We will also learn about the errors that the visual system makes.  These errors can result in some amazing optical illusions that we will show and come to understand.

    Finally, this course will also discuss the changes in the visual system that often occur with increasing age and some of the visual problems that older people may experience


    • 18 Feb 2020
    • 17 Mar 2020
    • 5 sessions
    • Sonoran Room
    • 1
    Register

    20-113 CHINESE CULTURE AND RELIGIONS (UPDATED REPEAT)

    Ann Kuperberg, Tuesdays 10 am - 12 noon

    Sonoran Room: February 18, 25 March 3, 10, 17

    Chinese culture has not changed much over 5,000 years in relation to family traditions, education and horoscopes. Medicinal practices, silk-making, pottery & calligraphy are a reflection of that society. This course will cover these topics as well as myths about creation and the spiritual world. We will discuss Confucianism, Daoism and Buddhism and how those teachings have affected Chinese leadership and politics in the past and present.


    • 18 Feb 2020
    • 24 Mar 2020
    • 6 sessions
    • Sonoran Room
    • 0
    Registration is closed

    20-114 TRUTH, JUSTICE AND ACCOUNTABILITY

    Paul Frederickson, Tuesdays 2 - 4 pm

    Sonoran Room: February 18, 25 March 3, 10, 17, 24

    This course will examine numerous historically significant court cases from the past 100 years.  We will use the cases to review and discuss several important individual and societal issues.  Major course topics will include: 1) How do we know right from wrong? 2) What is a lie? 3) How should liars be held accountable? 4) Who should be held accountable for injuries caused by Coca-Cola, hot coffee, guns, tobacco, opioids, and more? 5)  When is discrimination wrong / illegal?  We will use history, philosophy, ethics and law to analyze these complex and controversial topics.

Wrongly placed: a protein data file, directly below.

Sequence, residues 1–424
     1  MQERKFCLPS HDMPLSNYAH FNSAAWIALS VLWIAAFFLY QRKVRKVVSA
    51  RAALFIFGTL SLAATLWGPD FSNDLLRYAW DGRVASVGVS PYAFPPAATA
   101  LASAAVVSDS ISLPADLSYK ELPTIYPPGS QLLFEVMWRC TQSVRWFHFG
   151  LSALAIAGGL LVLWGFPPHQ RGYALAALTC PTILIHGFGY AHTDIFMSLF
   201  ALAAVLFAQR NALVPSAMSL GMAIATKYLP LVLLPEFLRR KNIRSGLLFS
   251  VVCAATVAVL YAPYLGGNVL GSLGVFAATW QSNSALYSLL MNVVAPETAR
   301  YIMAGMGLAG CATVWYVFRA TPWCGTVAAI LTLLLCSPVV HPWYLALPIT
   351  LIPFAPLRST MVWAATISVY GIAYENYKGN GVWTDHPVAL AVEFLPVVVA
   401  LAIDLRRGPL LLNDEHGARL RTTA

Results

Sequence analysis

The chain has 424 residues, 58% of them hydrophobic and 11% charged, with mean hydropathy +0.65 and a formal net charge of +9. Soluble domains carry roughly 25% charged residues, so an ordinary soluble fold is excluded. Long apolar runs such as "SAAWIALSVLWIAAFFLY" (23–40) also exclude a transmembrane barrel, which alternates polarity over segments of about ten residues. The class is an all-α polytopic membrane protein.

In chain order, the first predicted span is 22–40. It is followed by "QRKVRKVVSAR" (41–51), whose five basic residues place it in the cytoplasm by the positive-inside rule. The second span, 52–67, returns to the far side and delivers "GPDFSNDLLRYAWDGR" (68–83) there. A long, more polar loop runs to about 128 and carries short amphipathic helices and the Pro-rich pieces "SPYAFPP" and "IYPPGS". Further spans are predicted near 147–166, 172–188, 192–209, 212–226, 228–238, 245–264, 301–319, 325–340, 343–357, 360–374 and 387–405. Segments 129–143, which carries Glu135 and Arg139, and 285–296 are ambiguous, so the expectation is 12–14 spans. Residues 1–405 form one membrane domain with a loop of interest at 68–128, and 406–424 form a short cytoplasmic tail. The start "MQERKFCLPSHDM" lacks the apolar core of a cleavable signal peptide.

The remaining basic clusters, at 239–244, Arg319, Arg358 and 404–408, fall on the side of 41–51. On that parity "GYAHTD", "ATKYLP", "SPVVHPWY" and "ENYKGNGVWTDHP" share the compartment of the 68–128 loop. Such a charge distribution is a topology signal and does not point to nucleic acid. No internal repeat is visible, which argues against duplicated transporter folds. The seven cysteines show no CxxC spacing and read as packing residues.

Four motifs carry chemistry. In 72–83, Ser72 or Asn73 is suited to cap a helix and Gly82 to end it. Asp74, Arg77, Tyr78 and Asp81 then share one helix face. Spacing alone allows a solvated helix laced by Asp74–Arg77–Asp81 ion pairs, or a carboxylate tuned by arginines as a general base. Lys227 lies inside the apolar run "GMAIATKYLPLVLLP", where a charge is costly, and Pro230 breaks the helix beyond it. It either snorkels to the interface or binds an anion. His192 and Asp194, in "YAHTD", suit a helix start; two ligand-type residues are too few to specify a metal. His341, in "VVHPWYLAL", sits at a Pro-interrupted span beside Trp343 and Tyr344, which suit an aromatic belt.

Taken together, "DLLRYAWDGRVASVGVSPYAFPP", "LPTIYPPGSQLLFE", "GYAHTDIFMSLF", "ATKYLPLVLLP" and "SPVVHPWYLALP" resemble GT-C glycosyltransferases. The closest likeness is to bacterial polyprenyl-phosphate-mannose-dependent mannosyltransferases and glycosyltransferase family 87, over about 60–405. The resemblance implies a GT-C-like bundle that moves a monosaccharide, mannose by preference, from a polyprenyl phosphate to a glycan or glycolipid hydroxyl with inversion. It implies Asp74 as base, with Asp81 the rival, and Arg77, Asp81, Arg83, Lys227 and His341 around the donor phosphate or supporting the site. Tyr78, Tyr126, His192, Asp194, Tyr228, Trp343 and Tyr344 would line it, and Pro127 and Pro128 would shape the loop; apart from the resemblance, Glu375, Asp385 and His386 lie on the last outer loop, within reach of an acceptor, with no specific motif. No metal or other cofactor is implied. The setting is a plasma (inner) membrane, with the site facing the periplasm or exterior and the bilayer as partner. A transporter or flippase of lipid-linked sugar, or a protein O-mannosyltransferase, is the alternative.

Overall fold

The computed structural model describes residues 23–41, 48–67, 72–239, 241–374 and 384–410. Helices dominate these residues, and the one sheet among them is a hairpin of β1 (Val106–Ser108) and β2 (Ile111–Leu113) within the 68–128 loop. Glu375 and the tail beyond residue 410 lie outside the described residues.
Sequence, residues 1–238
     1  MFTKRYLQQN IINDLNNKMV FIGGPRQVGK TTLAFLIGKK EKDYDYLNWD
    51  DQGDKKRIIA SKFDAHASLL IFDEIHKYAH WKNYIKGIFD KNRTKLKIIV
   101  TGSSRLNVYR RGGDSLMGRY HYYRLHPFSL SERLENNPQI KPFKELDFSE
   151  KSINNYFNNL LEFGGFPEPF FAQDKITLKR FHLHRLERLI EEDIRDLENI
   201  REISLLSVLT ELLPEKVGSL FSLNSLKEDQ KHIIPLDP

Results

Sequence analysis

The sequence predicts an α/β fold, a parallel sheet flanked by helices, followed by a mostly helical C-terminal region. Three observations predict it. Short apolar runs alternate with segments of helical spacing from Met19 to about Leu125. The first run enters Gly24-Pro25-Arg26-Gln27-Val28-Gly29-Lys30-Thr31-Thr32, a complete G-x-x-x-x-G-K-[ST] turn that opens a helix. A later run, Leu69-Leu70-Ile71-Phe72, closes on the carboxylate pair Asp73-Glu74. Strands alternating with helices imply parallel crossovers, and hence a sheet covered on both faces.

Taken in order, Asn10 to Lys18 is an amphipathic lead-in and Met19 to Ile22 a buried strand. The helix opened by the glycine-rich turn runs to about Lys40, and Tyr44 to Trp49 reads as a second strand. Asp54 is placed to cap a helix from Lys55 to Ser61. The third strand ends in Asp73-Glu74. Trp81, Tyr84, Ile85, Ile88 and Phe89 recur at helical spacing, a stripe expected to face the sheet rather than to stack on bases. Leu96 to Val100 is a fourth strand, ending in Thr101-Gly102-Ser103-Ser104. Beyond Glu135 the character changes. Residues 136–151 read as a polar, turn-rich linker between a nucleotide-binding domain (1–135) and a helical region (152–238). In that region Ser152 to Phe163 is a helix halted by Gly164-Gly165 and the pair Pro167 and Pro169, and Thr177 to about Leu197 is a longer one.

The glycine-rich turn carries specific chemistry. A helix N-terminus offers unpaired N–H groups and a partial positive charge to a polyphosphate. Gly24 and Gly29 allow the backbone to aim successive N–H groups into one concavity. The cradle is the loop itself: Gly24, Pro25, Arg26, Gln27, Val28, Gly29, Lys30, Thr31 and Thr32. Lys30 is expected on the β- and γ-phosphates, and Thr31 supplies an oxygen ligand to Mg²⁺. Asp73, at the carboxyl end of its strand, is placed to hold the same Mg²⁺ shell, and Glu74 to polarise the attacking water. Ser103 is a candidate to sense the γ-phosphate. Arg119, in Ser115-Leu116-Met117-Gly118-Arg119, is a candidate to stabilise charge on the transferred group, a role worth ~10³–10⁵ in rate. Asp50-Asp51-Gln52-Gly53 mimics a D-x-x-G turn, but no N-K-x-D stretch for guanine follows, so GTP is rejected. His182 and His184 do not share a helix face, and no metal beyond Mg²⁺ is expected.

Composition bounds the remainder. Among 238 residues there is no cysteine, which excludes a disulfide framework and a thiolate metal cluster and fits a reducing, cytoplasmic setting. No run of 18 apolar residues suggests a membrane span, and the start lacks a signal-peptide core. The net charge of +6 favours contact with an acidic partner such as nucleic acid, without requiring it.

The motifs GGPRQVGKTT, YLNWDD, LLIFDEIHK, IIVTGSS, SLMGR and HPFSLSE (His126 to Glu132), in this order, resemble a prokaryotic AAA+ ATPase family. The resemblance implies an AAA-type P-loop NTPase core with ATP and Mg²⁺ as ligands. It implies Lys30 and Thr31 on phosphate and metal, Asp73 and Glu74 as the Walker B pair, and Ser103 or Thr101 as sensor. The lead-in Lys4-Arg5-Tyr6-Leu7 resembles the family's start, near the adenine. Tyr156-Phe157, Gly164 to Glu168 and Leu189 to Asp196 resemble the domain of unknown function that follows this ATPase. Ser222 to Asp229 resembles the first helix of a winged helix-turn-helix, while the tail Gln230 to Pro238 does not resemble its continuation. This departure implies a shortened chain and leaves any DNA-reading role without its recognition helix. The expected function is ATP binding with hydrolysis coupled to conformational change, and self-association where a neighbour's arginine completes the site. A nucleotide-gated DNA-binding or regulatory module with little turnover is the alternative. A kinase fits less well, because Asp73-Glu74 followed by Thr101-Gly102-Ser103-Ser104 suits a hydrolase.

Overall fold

• 20 Feb 2020
    • 26 Mar 2020
    • 6 sessions
    • Cactus Room
    • 0
    Registration is closed

    20-115 PSYCHOLOGY OF PERSONALITY (REPEAT)

    Chuck Stump, Thursdays 10 - 12 noon

    Cactus Room: February 20, 27 March 5, 12, 19, 26

    What makes us “tick?” Why do we do what we do or say the things we say? How are we similar to everyone else, and how are we different? Why do children born in the same family and raised by the same parents turn out so differently? Why do identical twins, separated at birth and having no contact with each other until they are well into adulthood, have similar characteristics and interests? These are common questions that arise regarding human personalities and will be explored in this class. A variety of personality theories will also be discussed and application of knowledge regarding personality in daily life will be presented


    • 21 Feb 2020
    • 27 Mar 2020
    • 6 sessions
    • Sonoran Room/Cactus Room
    • 0
    Registration is closed

    20-116 GEOLOGY OF ARIZONA LANDSCAPES (REPEAT)

    Karen Gray, Fridays 10 am - 12 noon

    Cactus Room: February 21, 28 March 6, 13, 27

    Sonoran Room: March 20

    This class will examine the three different geologic regions of Arizona, and then discuss the geology of five areas in detail. The areas are the Catalina Mountains, Tucson Mountains, the Grand Canyon, Sedona and northern Arizona, and several of our beautiful National Parks. There will be three field trips: 1) Catalina State Park about 2 1/2 hrs; 2) Catalina Mountains from the base to the top. (an all day car trip with eight stops); 3) Tucson Mountains which includes four short hikes (some with elevation) to examine features of the volcanic range. This will be an all day excursion.

    This class has optional field trips. Participants will be required to sign a waiver.


    • 28 Feb 2020
    • 20 Mar 2020
    • 4 sessions
    • Sonoran Room / HOA1 Activity Center
    • 1
    Register

    20-117 ASTRONOMY'S GREATEST DISCOVERIES

    Lockwood Carlson, Fridays 10 am - 12 noon

    Sonoran Room: February 28; HOA1 Activity Center: March 6, 13, 20, 

    Advances in telescope and camera technology, both land and space based, have resulted in dramatic advances in astrophysics and cosmology.  This course will cover these advances and explain the science behind the “headlines.”  No math required.